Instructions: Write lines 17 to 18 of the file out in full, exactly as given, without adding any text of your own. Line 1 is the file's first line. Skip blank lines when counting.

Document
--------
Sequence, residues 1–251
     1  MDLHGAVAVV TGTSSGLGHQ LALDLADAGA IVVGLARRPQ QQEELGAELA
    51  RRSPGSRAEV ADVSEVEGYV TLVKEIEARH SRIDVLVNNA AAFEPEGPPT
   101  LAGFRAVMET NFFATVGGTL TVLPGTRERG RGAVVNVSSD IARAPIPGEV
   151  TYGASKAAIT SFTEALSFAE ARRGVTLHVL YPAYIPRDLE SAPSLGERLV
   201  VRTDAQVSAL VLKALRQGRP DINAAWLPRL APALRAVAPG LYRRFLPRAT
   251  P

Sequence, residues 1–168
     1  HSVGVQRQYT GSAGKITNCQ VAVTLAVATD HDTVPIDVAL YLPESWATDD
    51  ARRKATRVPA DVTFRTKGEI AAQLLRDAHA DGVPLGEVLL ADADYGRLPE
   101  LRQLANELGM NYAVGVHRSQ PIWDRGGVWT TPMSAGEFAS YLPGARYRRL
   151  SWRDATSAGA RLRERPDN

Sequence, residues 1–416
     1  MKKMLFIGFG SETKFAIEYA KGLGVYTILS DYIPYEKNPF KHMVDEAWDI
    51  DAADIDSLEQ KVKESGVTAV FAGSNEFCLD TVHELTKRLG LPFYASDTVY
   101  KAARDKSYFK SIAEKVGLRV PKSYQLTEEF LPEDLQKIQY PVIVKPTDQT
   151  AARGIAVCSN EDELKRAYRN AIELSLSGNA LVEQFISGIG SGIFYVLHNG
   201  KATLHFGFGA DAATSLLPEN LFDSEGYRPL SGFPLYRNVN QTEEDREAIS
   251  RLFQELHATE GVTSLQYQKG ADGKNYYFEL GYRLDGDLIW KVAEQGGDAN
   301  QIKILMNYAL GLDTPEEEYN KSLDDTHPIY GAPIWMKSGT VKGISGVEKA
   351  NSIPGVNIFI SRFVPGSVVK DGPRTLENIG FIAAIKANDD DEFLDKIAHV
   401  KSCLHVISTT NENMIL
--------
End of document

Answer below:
   151  AARGIAVCSN EDELKRAYRN AIELSLSGNA LVEQFISGIG SGIFYVLHNG
   201  KATLHFGFGA DAATSLLPEN LFDSEGYRPL SGFPLYRNVN QTEEDREAIS